Australia’s police state expands

Australian police TSA

The Australian state of Victoria’s parliament passed a bill giving police power to suppress protests, including ordering a rally to move on based on a suspicion that it may turn violent. Opponents call the powers excessive and undemocratic.

The Summary Offences and Sentencing Amendment Bill passed through the upper house of the Victorian parliament on Wednesday morning. It will give state police the power to order protesters to disperse if they are blocking the entrance to a building, disrupting traffic, of if the police ‘expect’ protesters to turn violent.

A ‘move on’ order may be issued to people suspected of committing an offense within the previous 12 hours who return to the public place that police are trying to clear. Failure to comply may result in arrest and a AU$720 (US$650) fine.

Under the new law police would also be able to obtain exclusion orders banning protesters from certain public places for a period of up to 12 months. Violating such an order carries a maximum jail term of two years.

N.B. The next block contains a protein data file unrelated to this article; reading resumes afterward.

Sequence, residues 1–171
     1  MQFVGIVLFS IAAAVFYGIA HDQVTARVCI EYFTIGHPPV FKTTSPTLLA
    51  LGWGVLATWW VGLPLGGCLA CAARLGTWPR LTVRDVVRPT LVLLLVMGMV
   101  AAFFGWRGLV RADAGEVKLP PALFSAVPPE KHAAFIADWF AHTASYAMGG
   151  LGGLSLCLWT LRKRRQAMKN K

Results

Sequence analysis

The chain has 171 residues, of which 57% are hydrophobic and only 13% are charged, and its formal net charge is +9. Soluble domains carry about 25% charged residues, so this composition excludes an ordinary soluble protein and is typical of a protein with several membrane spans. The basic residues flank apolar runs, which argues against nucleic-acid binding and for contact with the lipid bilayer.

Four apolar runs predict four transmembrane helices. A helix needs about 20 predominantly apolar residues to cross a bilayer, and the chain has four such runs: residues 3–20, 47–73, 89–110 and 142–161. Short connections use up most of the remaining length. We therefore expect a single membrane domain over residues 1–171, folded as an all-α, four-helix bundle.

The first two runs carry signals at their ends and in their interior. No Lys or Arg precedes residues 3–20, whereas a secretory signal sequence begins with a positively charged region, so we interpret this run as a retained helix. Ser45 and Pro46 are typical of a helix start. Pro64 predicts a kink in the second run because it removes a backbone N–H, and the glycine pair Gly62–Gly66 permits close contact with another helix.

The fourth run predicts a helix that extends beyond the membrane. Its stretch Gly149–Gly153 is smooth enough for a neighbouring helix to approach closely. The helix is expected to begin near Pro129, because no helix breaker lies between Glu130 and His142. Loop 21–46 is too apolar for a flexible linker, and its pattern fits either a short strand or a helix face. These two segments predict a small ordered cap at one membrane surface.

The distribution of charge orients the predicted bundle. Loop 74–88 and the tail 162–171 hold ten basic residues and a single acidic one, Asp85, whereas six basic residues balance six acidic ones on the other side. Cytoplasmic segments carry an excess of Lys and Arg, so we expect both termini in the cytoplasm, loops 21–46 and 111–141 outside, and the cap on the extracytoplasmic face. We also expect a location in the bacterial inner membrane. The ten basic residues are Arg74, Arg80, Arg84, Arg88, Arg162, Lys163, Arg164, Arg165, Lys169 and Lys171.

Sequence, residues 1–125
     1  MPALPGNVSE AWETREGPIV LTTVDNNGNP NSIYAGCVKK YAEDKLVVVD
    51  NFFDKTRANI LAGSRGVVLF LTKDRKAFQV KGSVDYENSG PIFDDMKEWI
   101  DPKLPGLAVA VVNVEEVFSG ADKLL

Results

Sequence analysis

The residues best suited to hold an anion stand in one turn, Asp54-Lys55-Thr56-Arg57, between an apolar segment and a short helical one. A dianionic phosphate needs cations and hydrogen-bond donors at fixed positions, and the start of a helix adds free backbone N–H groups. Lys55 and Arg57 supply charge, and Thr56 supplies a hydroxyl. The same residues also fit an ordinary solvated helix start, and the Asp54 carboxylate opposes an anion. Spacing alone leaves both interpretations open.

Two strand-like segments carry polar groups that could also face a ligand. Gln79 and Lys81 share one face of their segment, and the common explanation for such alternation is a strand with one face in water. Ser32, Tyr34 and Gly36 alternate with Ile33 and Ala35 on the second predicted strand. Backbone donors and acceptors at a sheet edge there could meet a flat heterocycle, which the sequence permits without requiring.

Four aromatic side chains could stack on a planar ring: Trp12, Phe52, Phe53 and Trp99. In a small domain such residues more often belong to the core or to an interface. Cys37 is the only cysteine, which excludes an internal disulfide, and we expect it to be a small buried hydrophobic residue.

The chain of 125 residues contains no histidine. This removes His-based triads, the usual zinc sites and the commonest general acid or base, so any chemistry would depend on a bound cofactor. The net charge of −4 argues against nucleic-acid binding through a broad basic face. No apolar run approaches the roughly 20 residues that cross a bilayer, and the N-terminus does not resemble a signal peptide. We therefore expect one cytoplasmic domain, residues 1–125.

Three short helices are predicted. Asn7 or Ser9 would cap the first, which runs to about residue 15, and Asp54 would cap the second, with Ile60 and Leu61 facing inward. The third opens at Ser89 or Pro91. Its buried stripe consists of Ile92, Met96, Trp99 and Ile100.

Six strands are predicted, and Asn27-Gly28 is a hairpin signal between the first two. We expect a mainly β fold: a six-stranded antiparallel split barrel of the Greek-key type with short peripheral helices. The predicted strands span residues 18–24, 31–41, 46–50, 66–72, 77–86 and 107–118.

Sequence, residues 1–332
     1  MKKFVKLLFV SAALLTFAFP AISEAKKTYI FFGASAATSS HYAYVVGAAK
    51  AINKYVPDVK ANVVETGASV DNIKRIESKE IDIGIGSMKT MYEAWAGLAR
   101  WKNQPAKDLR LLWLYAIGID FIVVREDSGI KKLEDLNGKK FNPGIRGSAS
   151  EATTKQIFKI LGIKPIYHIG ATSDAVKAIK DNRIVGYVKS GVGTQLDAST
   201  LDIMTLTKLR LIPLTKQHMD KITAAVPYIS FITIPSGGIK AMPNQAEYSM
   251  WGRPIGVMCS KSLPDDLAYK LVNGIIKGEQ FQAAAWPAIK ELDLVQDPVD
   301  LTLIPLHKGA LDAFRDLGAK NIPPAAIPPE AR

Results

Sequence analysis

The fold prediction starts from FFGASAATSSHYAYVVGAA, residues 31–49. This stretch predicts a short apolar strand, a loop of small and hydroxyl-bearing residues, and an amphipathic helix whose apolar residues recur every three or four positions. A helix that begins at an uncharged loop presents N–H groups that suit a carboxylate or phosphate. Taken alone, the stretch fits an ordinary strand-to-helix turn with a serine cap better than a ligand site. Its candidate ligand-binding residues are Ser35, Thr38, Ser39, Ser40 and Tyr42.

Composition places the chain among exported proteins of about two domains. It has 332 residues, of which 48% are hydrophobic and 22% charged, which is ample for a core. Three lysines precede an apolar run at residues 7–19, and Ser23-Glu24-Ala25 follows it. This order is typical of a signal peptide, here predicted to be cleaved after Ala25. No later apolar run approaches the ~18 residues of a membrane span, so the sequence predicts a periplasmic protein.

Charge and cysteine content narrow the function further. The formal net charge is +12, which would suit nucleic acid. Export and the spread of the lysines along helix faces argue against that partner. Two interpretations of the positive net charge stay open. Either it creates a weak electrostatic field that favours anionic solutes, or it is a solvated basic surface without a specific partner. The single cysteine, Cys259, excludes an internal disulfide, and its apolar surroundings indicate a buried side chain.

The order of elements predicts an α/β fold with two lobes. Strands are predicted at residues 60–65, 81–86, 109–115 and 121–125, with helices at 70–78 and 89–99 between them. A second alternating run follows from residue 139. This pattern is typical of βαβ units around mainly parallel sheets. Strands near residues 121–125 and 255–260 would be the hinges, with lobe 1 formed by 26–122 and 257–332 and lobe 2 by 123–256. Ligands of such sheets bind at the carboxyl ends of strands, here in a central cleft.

The bill was opposed in the parliament by Labor and Green parties, with Green MP Sue Pennicuik calling it “an absolute assault on the democratic right of Victorians to protest – whether it be on the streets or on public land – about issues of concern to them.”

Dandenong ranges protest

Image from NO McDonalds in The Dandenong Ranges Facebook page.

Similar concerns were raised by some protest and human rights groups.

“It’s just a stab in the heart to free speech,” Garry Muratore, an activist campaigning to stop McDonald’s building a fast-food outlet in Tecoma in the Dandenong Ranges, told the Age newspaper.

”This is Joh Bjelke-Petersen stuff,” he added in a reference to a former controversial conservative premier of the Australian state of Queensland, whose economically prosperous 19 years in office were marred by heavy-handed dealing with protesters and political corruption among officials.

Friends of the Earth spokesman Cam Walker also slammed the bill, saying it would be “irony in the fullest sense” if it were used against farming communities opposed to gas exploration, a cause his group supports.